Spend, Save and Invest Smartly

Dated Government Securities



Dated Government Securities

Dated Government securities are longer term securities and carry a fixed or floating coupon (interest rate) paid on the face value, payable at fixed time periods (usually half-yearly). The tenor of dated securities can be up to 30 years. The Public Debt Office (PDO) of the RBI acts as the registry / depository of Government securities and deals with the issue, interest payment and repayment of principal at maturity. Most of the dated securities are fixed coupon securities. The nomenclature of a typical dated fixed coupon Government security has the following features - coupon, name of the issuer, maturity and face value.

For example; 7.49% GOI 2017 would have the following features:
Date of Issue: April 16, 2007 Date of Maturity: April 16, 2017 Coupon: 7.49% paid on face value Coupon Payment Dates: Half-yearly
(October16 and April 16) every year
Minimum Amount of issue/ sale: Rs.10, 000

Types of Dated Govt. Securities

Dated securities may be of the following types :

  • Zero Coupon Bonds
  • Floating Rate Bond
  • Tap Stock
  • Partly Paid Stock
  • Capital Indexed Bonds
  • Inflation linked bonds
  • Fixed Rate Bonds

1. Zero Coupon Bonds

Bonds issued at discount and repaid at face value, the distinction between the issue price and the redemption price represents the return to the investor. No periodic interest payment is made, Zero Coupon Bonds bear no reinvestment risk but they are prone to interest rate risk making their prices extremely volatile. The buyer of zero coupon bonds obtains one and only one payment, at maturity of the bond. On the contrary, coupon bonds make a series of periodic coupon payments to the buyer as well as paying face value at maturity; Zero Coupon Bonds on auction basis was introduced in January 1994 by Government of India.

2. Floating Rate Bond

Floating Rate Bond is an instrument whose periodic interest or dividend rates are indexed to a number of reference indexes such as Treasury security etc. These instruments give a variable rate, a characteristic that allows both issuer and investor to share the risk inherent in changing interest rates, the volatility of interest rates have led to creation of these instruments designed to offer a few protections to the players. Thus, Floating Rate Bonds enable investors to take advantage of movements in interest rates; Floating Rate Bonds were introduced by Government of India on September 29, 1995 linking it to the 364 day Treasury bill rate.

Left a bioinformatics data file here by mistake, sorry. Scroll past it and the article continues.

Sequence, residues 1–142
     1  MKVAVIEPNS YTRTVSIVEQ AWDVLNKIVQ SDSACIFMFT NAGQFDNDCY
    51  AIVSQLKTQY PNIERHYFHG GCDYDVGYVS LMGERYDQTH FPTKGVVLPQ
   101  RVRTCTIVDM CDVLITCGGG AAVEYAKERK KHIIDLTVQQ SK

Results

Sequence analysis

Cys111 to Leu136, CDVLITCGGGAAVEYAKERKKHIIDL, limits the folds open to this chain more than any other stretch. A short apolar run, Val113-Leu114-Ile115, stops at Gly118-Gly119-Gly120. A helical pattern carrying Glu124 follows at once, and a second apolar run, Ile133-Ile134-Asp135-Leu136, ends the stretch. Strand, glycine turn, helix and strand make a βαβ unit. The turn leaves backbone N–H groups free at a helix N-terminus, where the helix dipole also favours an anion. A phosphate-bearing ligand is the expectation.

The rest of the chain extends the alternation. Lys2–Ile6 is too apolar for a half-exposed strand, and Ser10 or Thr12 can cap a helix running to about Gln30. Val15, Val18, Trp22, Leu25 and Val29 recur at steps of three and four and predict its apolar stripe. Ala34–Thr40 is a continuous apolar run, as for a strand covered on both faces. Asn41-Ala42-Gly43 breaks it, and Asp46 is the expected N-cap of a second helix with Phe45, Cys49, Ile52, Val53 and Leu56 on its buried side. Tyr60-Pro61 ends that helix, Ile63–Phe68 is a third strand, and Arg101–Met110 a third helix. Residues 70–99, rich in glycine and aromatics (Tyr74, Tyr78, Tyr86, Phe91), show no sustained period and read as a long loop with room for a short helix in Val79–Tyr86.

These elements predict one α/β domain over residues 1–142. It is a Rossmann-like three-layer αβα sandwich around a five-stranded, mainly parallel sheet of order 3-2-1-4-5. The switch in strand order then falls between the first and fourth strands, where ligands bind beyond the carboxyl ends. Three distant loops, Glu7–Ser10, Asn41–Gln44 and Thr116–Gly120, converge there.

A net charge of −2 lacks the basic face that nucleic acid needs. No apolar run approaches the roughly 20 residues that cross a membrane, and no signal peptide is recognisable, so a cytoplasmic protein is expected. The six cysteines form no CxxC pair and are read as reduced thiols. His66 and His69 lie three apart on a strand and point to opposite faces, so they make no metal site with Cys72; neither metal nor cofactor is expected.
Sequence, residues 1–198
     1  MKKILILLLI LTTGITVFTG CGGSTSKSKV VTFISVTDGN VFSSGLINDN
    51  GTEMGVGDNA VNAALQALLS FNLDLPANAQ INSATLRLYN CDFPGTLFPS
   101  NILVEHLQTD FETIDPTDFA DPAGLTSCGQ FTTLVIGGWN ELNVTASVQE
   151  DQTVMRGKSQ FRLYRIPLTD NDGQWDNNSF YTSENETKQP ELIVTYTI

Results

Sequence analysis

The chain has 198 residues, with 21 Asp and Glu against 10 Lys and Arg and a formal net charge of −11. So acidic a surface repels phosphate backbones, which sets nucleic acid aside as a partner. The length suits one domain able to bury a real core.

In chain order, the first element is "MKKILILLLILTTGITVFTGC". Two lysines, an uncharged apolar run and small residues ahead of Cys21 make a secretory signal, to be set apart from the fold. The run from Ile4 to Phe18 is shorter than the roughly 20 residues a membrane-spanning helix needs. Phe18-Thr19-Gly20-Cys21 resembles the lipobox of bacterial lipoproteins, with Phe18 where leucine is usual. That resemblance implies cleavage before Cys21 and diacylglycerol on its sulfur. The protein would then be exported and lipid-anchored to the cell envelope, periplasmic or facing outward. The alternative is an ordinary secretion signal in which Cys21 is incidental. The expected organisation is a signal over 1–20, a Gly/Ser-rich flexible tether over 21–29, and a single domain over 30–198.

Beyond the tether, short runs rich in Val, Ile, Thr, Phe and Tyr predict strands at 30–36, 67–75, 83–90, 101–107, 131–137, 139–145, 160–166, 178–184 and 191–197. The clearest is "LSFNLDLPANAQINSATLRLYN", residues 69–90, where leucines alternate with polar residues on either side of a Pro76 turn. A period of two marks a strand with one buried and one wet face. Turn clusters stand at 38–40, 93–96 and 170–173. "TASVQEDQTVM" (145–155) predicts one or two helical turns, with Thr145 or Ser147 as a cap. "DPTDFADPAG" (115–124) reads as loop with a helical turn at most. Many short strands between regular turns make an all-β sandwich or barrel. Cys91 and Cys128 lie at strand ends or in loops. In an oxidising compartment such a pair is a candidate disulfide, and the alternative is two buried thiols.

3. Tap Stock

A gilt edged security from an issue that has not been completely subscribed and is released into the market slowly when its market price reaches predetermined levels. Short taps are short dated stocks and long taps are lengthy dated stocks. These Stocks were set up by Government of India on July 29, 1994.

4. Partly Paid Stock

An innovative instrument was (Government stock auctioned on November 15, 1994) for which the payment is made in installments; it is designed for institutions with usual flow of investible resources requiring regular investment outlets. The instrument has attracted good market response and is being traded vigorously.

5. Capital Indexed Bonds

These bonds were floated on December 29, 1997 on valve basis. The valve was kept open upto 28th January 1998 and an amount of Rs.704.52 crore was mobilized. These bonds are of four year maturity and bear a coupon rate of 6 per cent. The objective of the capital indexed bonds was to give a complete hedge against inflation for the principal amount of the investment.

6. Inflation linked bonds

These are bonds where the principal amount and interest payments are indexed to inflation. The interest rate is usually lower than that of fixed rate bonds with a comparable maturity. Though, as the principal amount grows, the payments increase with inflation. The government of the United Kingdom was the first to issue inflation linked bonds in the 1980s. Treasury Inflation-Protected Securities (TIPS) and I-bonds are examples of inflation linked bonds issued by the U.S. government.

7. Fixed Rate Bonds

Fixed Rate Bonds have a coupon (interest) that remains constant throughout the life of the bond.

8. State Development Loans (SDLs)

State Governments also raise loans from the market. SDLs are dated securities issued through an auction similar to the auctions conducted for dated securities issued by the Central Government. Interest is serviced at half-yearly intervals and the principal is repaid on the maturity date. Like dated securities issued by the Central Government, SDLs issued by the State Governments qualify for SLR. They are also eligible as collaterals for borrowing through market repo as well as borrowing by eligible entities from the RBI under the Liquidity Adjustment Facility (LAF).The government generates revenue in the form of taxes and revenue from ownership of assets. Besides these, it borrows extensively from banks, financial institutions and the public to finance its expenses in surplus of its revenues.

One of the significant sources of borrowing funds is the government securities market (GSM). The government rises short term and long term funds by issuing securities, these securities do not carry risk and are as good as gold as the government promises the payment of interest and the repayment of principal. They are, so, referred to as gilt-edged securities. The government securities market is the major market in any economic system and therefore, is the benchmark for other markets.

Deposits and Bank Accounts
Fixed deposits